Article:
One goes into Snow Orchid aware that it will centre on family relationships riddled with tension, – what else would you expect from a play about Catholic immigrants with complex pathologies and a gay son? – which is possibly one of the most difficult dynamics to convey consistently. But you should put aside any doubts about the cast and crew’s ability to convey the trauma of forced migration, the emotional politics of domestic abuse, and the toxic trappings of co-dependency. This production perfectly encapsulates the impossibilities of personal growth (hence ‘Snow Orchid’) in a situation where the past weighs so heavily.
The only (extremely minor) shortcoming was some of the cast’s delivery. Meanwhile the staging, lighting, and script come together in a way that can only happen with the sincere commitment of everyone involved in the production. It is difficult to pick one standout feature of such a wonderful show without feeling as if I’m underselling the others. But if I had to choose, it would have to be Joseph Pintauro’s script, which is so wonderfully written it is difficult to do it justice (especially considering the Cambridge University Queer Players were established as recently as June 2017). The dialogue mostly shifted between devastating and hilarious so organically that one might not even notice the sometimes-unconvincing accents adopted by a number of the cast. Other than the accents, however, each actor involved is obviously talented, and every member of the cast is owed acclaim for their part in keeping the audience fully engaged throughout the show.
Bilal Hasna (playing Rocco Lazarra) gave us the night’s standout performance. As soon as he walked into the kitchen and gazed in wonder at the home he had not stepped foot in for two years, I believed he was an older Italian immigrant desperate for salvation. And he kept us believing to the extent that he seemed to have a halo effect, raising the standard of acting from good enough to great every time he appeared on stage. Every tremble of Hasna’s lips, every gesture, every perfectly delivered line left you sympathising more and more with his character, while the domestic abuse backstory raised pertinent questions about the gendered experience of class-related traumas.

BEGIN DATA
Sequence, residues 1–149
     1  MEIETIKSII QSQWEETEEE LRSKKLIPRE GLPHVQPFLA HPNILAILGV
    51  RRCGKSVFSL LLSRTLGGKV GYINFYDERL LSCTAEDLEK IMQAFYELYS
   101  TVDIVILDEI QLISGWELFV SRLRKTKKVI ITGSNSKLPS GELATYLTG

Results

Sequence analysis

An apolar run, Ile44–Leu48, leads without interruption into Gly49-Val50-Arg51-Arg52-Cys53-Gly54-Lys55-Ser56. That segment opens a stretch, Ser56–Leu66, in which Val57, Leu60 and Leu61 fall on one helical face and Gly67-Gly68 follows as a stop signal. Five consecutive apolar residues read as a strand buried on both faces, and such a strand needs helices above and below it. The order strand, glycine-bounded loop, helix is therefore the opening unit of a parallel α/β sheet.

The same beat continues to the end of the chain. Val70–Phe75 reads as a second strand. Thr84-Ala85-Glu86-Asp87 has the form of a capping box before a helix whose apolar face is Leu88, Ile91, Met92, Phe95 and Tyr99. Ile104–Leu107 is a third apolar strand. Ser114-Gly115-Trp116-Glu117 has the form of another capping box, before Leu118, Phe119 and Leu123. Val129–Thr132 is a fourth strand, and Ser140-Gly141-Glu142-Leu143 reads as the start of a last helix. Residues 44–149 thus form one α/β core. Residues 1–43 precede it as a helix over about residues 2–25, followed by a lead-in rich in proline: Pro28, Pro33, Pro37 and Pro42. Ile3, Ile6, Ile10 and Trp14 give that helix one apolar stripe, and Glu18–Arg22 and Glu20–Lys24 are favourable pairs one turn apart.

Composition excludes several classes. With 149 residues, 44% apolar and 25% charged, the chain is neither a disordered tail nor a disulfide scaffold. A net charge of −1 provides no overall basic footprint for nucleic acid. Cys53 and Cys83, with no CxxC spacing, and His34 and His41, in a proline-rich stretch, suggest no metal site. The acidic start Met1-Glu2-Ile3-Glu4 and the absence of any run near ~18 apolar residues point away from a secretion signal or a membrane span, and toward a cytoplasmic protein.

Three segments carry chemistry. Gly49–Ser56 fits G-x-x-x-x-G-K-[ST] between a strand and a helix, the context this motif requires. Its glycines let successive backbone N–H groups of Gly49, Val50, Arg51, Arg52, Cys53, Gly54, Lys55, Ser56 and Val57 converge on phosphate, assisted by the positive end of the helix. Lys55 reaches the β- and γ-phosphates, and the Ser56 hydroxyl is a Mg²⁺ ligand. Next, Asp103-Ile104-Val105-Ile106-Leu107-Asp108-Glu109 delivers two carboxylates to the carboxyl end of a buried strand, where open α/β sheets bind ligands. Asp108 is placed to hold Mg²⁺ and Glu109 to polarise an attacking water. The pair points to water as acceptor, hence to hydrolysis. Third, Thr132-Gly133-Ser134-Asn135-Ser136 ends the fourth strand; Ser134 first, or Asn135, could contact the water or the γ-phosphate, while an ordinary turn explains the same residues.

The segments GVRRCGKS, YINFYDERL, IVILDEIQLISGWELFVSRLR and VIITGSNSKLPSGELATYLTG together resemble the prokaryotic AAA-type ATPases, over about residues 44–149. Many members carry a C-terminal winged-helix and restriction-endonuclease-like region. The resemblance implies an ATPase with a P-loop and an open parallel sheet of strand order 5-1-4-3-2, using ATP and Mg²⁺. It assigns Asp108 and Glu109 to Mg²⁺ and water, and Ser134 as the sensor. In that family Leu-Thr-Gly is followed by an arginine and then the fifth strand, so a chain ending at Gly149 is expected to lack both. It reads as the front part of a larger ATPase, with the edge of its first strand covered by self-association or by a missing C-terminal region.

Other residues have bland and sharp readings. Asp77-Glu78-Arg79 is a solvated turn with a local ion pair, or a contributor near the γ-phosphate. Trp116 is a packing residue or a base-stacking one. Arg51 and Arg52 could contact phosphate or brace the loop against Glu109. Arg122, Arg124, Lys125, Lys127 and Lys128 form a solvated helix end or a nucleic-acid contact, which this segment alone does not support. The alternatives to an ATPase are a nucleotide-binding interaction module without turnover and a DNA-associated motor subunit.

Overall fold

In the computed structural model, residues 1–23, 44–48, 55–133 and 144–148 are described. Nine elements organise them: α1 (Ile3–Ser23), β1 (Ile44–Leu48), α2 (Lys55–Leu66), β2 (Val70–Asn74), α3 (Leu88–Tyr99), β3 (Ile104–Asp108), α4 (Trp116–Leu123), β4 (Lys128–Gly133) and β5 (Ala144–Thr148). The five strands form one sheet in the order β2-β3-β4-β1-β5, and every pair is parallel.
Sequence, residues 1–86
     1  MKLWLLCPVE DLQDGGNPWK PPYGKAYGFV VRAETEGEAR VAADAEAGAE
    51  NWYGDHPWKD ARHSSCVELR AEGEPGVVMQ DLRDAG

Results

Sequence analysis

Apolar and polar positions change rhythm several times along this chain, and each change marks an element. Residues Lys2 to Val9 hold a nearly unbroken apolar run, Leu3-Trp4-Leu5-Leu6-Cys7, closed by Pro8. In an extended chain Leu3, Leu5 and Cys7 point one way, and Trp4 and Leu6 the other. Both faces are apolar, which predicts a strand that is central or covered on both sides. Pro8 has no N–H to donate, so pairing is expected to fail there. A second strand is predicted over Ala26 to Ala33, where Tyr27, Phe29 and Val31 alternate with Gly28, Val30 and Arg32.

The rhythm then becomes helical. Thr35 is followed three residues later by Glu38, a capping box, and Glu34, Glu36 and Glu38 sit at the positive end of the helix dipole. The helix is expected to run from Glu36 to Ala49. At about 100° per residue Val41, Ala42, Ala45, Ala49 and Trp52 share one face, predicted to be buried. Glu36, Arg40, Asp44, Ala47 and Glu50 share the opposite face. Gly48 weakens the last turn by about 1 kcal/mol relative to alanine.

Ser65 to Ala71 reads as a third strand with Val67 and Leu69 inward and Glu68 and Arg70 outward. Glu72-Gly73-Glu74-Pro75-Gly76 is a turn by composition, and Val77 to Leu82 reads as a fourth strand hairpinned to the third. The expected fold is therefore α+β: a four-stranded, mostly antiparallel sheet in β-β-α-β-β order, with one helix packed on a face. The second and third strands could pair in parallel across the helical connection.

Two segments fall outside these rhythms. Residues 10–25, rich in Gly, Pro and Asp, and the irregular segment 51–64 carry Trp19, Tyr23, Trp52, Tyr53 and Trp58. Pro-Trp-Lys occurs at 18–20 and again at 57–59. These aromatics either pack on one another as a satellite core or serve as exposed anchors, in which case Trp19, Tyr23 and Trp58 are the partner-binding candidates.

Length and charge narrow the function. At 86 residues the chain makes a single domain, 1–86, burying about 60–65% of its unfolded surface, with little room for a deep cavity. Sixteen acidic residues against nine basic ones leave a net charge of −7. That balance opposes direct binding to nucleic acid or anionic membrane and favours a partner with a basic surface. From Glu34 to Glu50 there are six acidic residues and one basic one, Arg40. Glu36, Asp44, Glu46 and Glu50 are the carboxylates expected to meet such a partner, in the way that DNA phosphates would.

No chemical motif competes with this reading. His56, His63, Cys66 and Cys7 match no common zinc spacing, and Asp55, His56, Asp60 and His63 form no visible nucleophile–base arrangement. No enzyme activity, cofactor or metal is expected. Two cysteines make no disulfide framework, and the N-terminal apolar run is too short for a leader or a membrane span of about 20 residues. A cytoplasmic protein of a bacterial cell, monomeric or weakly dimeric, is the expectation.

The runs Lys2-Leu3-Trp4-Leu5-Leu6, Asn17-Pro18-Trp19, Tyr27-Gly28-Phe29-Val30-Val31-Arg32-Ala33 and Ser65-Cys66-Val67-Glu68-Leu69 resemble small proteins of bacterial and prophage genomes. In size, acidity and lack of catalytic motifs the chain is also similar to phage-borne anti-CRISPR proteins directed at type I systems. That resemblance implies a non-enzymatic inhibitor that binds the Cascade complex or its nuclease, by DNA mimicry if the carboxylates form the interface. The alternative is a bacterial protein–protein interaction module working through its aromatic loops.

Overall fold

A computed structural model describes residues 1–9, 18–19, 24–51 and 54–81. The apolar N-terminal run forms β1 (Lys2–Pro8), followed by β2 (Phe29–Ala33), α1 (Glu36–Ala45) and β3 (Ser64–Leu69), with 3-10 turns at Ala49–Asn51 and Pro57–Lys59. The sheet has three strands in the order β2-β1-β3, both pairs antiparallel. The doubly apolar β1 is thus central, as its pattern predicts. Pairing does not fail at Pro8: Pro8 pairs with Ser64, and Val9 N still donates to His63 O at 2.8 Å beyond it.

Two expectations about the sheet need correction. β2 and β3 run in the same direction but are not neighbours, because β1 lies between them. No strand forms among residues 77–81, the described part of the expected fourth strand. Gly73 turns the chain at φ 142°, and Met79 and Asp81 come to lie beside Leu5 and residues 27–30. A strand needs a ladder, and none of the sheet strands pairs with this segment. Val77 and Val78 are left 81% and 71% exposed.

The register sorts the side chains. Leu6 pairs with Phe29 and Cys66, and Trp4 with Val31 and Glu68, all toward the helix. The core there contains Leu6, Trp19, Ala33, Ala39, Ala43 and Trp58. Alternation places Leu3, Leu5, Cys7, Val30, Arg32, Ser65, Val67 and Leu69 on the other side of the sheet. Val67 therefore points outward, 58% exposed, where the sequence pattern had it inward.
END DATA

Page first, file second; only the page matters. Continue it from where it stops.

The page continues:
Staging consisted of a couple of beds, dining and kitchen areas, and a doorframe. Every prop and every inch of the stage was put to use expertly. When Rocco walks into the kitchen and looks around as Filumela (Clemi Collet) laughs in the bedroom with her sons, you find yourself wanting to warn her of how close Rocco is to hearing her mocking tone – their flat is tiny. Later on, the anguish of separation is transformed into catharsis as Filumela walks upstage, away from the audience, in her first venture out of the house in two decades. She then walks stage left and downstage, now very close to the audience, in order to bask in the light (literally) of her new-found independence. The lighting was here, and throughout the rest of the show, ideal.
This production is political art at its best. It is one that deftly handles themes of gender, class, sexuality, love, and more because it understands how wider issues permeate the everyday and does not tokenise or overblow any one experience.
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